“My book got a great review today,” my colleague announced proudly.
“Aren’t you supposed to say ‘our’ book,” I interjected, “there were two of you who wrote it after all?”
“Of course, I meant ‘our’ book,” he replied in voice that was fully one octave lower.
There is an old saying that goes: a pleasure shared is a pleasure doubled. Whoever came up with that was certainly not thinking about the co-authors of a book because when it comes to reviews, it seems that great review shared is a great review halved.
Psychologist Thomas Gilovich joked that when it comes to shared projects like book writing, the sum of each co-authors perceived contribution will invariably be greater than 100 percent. It is the same if you ask a couple what proportion they each contribute to the housework; the sum of the responses always surpasses 100 percent. This doesn’t happen because either partner is deceitful; each one might genuinely believe their stated proportion is correct. The erroneous perception is a product of the salience of the effort each individual contributed. A husband, for example, is fully aware of the housework he did – he was there; he witnessed every grueling minute of it – but he might not have witnessed all the work done by his spouse. The same applies to co-authors of a book; the salience of one’s own efforts relative to the co-author’s results in a misattribution of the credit.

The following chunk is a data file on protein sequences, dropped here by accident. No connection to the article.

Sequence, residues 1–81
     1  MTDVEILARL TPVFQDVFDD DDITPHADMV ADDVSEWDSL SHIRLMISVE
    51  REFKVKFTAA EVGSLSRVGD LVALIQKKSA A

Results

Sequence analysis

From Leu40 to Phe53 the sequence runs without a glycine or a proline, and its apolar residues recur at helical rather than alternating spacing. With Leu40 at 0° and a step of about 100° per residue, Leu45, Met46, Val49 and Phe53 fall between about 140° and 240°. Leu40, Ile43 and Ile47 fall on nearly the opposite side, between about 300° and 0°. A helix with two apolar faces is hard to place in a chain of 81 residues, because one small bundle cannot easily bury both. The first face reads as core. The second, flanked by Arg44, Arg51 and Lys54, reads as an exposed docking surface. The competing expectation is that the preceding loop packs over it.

Even after the housework is finished, it is difficult to correct this misperception. A cleaned living room is a cleaned living room; the effort required to achieve the result is difficult to judge. Did you work harder dusting your shelf and polishing your window than I did cleaning the shower? With a book, one would think it would be easier to judge because there are a countable number of words and pages, but it is not. This is because it is mostly irrelevant who typed word. The whole collaboration was the product of years of working side-by-side, and of hours of discussion. Over time, the thoughts of one person become the ideas of the other. Even my thoughts and ideas made it into the written word, but my name is not on the cover. Perhaps I should be writing about the great review for ‘my’ book.